makeuseof.com: Mandriva isn’t considered to be a major player in the Linux world anymore, but it used to be back when it was still called Mandrake. A couple months ago, Mandriva let loose their 2011 release, providing another impressive experience. Let’s take a look, why don’t we?
ostatic.com: Mandriva users have been anxiously awaiting word from corporate whether the first user-friendly distribution would be forced to cease operations. The decision, which has been postponed twice in the last week, has finally come down. Too bad it's really a "good news, bad news" situation.
ostatic.com: The fate of Mandriva is still in flux today as Jean-Manuel Croset posted of yet another delay in determining the future of the once popular Linux distribution.
ostatic.com: In a short post today Jean-Manuel Croset said that recent events have lead the failing company to postpone any final decisions for a week.
ostatic.com: Public details are still a bit sketchy, but if the various forum posts are accurate, Mandriva will most likely shut their doors on January 16.
darkduck.com: My today's guest is Jonquil McDaniel. She is Linux user with more than 6 year experience and owner of the blog xjonquilx | Sabayon, Ubuntu, Fedora, Oh My! She calls herself Geek-in-Pink sometimes. Now she brings in some pink colour into my blog.
techrepublic.com: The latest release of Mandriva has moved this distribution to the front of the pack. Jack Wallen explains why.
techradar.com: The distro now known as Mandriva has been making headlines since its inception - unfortunately not all of the press has been flattering. It's the distro the community first loved, and now just loves to hate.
mandriva.com: I bring you some news. A new COO, Jean-Manuel Croset recently joined Dominique Loucougain, CEO, at the head of Mandriva. I had the opportunity to meet and discuss with him. He is someone who is very open to conversation, talking directly and frankly, who gives the impression of knowing where he goes and what he wants, someone with a “breadth” of leadership.
techrepublic.com: Jack Wallen takes the new Mandriva Powerpack 2011 distribution for a spin, curious to see a return to form after years of near-irrelevancy.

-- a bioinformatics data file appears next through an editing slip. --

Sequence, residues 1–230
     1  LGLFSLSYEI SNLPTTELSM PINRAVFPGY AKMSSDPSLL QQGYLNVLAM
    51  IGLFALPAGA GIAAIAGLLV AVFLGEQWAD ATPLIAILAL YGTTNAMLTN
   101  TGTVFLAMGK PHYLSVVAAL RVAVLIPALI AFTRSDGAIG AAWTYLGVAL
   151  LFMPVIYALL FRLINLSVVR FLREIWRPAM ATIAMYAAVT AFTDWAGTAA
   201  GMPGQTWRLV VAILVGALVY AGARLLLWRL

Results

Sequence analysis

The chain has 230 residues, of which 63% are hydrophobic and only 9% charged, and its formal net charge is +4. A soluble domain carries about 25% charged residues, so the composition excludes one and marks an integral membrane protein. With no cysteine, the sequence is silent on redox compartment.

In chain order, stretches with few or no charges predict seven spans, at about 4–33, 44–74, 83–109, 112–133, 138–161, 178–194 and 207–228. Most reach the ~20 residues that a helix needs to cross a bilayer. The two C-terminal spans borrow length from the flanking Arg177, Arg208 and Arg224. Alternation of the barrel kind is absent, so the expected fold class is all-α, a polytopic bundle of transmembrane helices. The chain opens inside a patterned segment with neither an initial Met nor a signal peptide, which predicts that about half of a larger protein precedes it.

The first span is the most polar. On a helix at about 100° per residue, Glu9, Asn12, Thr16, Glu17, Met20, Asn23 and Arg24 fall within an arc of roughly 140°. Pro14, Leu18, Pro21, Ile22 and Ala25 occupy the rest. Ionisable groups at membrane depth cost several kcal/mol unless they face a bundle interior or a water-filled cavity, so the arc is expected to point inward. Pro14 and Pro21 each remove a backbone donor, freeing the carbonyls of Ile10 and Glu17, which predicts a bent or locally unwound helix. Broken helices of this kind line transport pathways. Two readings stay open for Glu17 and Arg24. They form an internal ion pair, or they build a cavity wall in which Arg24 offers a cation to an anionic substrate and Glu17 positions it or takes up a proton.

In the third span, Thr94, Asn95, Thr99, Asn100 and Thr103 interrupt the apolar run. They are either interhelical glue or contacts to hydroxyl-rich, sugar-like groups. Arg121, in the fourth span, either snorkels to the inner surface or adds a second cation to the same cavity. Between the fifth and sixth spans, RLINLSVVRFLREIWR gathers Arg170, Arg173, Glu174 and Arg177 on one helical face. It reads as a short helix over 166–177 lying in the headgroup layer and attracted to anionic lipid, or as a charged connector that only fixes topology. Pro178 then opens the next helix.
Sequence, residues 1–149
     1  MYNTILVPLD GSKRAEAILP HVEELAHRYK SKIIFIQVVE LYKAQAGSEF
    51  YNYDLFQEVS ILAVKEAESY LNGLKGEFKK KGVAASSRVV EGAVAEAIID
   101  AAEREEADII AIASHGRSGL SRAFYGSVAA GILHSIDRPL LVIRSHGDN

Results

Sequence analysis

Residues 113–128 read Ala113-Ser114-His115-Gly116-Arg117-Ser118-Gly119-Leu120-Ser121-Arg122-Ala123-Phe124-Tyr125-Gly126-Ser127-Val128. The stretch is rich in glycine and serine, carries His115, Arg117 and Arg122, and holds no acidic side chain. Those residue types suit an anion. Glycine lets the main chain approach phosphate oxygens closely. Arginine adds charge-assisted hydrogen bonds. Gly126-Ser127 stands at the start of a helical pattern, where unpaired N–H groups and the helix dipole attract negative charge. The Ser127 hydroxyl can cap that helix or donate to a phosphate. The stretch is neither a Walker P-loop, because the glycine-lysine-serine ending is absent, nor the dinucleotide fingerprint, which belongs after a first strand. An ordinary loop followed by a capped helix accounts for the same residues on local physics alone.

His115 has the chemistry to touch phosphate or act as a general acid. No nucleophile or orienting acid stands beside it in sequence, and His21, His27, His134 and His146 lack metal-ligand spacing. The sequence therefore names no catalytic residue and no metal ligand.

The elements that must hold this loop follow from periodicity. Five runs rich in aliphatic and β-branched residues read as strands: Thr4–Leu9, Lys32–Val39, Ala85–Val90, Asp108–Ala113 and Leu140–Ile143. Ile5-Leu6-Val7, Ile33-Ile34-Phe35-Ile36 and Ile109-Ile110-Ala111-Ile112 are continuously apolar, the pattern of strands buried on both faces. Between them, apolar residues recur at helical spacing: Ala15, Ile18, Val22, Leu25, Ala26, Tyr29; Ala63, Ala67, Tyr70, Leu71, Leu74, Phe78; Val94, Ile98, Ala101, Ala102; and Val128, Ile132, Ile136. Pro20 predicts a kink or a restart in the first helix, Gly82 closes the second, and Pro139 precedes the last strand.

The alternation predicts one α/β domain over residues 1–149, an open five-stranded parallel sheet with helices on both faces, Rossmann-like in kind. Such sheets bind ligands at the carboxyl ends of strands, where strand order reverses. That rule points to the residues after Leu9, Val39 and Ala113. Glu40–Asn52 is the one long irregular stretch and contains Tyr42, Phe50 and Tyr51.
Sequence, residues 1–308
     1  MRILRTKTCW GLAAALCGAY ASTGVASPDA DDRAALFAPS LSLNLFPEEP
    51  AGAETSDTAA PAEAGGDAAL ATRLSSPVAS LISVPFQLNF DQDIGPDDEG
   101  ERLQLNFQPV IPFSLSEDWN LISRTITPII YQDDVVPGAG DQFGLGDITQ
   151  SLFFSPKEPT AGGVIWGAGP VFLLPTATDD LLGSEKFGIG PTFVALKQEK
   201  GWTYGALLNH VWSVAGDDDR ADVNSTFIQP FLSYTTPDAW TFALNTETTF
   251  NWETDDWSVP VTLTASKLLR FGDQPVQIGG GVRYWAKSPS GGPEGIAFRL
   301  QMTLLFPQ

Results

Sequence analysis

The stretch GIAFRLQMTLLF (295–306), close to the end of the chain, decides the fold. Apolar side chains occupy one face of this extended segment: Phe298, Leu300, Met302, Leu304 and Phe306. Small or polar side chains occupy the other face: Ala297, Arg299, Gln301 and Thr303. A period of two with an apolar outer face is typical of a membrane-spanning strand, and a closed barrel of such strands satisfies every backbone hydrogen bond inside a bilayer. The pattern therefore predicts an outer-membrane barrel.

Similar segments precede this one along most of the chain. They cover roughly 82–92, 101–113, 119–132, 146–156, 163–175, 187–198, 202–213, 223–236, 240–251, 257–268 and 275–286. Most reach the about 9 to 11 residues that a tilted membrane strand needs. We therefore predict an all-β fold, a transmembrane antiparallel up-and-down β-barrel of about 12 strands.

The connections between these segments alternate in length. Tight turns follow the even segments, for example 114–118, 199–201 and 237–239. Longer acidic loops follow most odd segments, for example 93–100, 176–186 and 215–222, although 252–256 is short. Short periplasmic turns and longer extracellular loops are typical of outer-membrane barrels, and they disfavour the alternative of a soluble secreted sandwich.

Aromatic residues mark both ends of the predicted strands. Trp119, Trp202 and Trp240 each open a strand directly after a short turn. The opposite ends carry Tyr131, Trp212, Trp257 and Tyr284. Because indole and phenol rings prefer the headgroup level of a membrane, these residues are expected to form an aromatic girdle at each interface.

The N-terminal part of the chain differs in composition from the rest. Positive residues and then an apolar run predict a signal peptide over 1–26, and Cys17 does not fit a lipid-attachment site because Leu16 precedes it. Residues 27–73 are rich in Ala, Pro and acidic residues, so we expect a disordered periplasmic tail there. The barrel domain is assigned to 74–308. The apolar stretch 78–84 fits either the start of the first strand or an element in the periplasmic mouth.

mandrivachronicles.blogspot: I bought the PowerPack version of Mandriva to test it. I installed it to a virtual machine because my main goal is not to check for performance, but to see what Mandriva 2011 PowerPack offers that you do not get in Mandriva Desktop 2011.
mandriva.com: Following the Mandriva Linux free 2011 Mandriva is proud to launch the Mandriva Powerpack 2011, the full version of Mandriva Linux!
techquark.com: It's been a tough couple of years for Mandriva, with a lot of uncertainty about its future. The rising popularity of other mainstream distros and flagging sales brought it close to bankruptcy.
dedoimedo.com: I am going to torture Mandriva 2011.0 for a while and give you my two cents on how it works, how it looks, how it behaves. We will do all the usual...
linuxblog.darkduck: My laptop is very old, so old that many people don’t even remember the model. This is one of the last models designed and actually produced by IBM before it was sold to Lenovo. So, what was the trigger that made me think about divorcing Mandriva? Why did I decide to try Mageia?
ubuntumanual.org: Mandriva 2011 is a revolutionary Linux distro. Code named "Hydrogen", this version of Mandriva from the Rosa labs has introduced many features that may impress end users and more likely windows users to turn to Linux.
techgage.com: Mandriva, one of Linux's oldest distributions, saw its latest release come out in late August, dubbed "2011". With it came a couple of major changes and a renewed focus, much to the chagrin of some fans.
- A Mageia Rant
- Mandriva 2011 "Hydrogen" indepth Overview/Review (video)
- Live Migration of Mandriva to Mageia
- Mandriva 2011 vs Mageia 1
- Mandriva 2011 Review | LAS | s18e05
linuxbsdos.com: Mandriva 2011, code name Hydrogen, is the latest desktop edition of the popular Linux distribution. Released August 28, 2011, it marks a new direction in the development of Mandriva desktop distributions.
mandrivachronicles.blogspot: Mandriva 2011 arrived and, in the humble opinion of this non-technical Linux user, "Hydrogen", as the release is called, presents a target/usability paradox. To explain the paradox, I have to go back in time.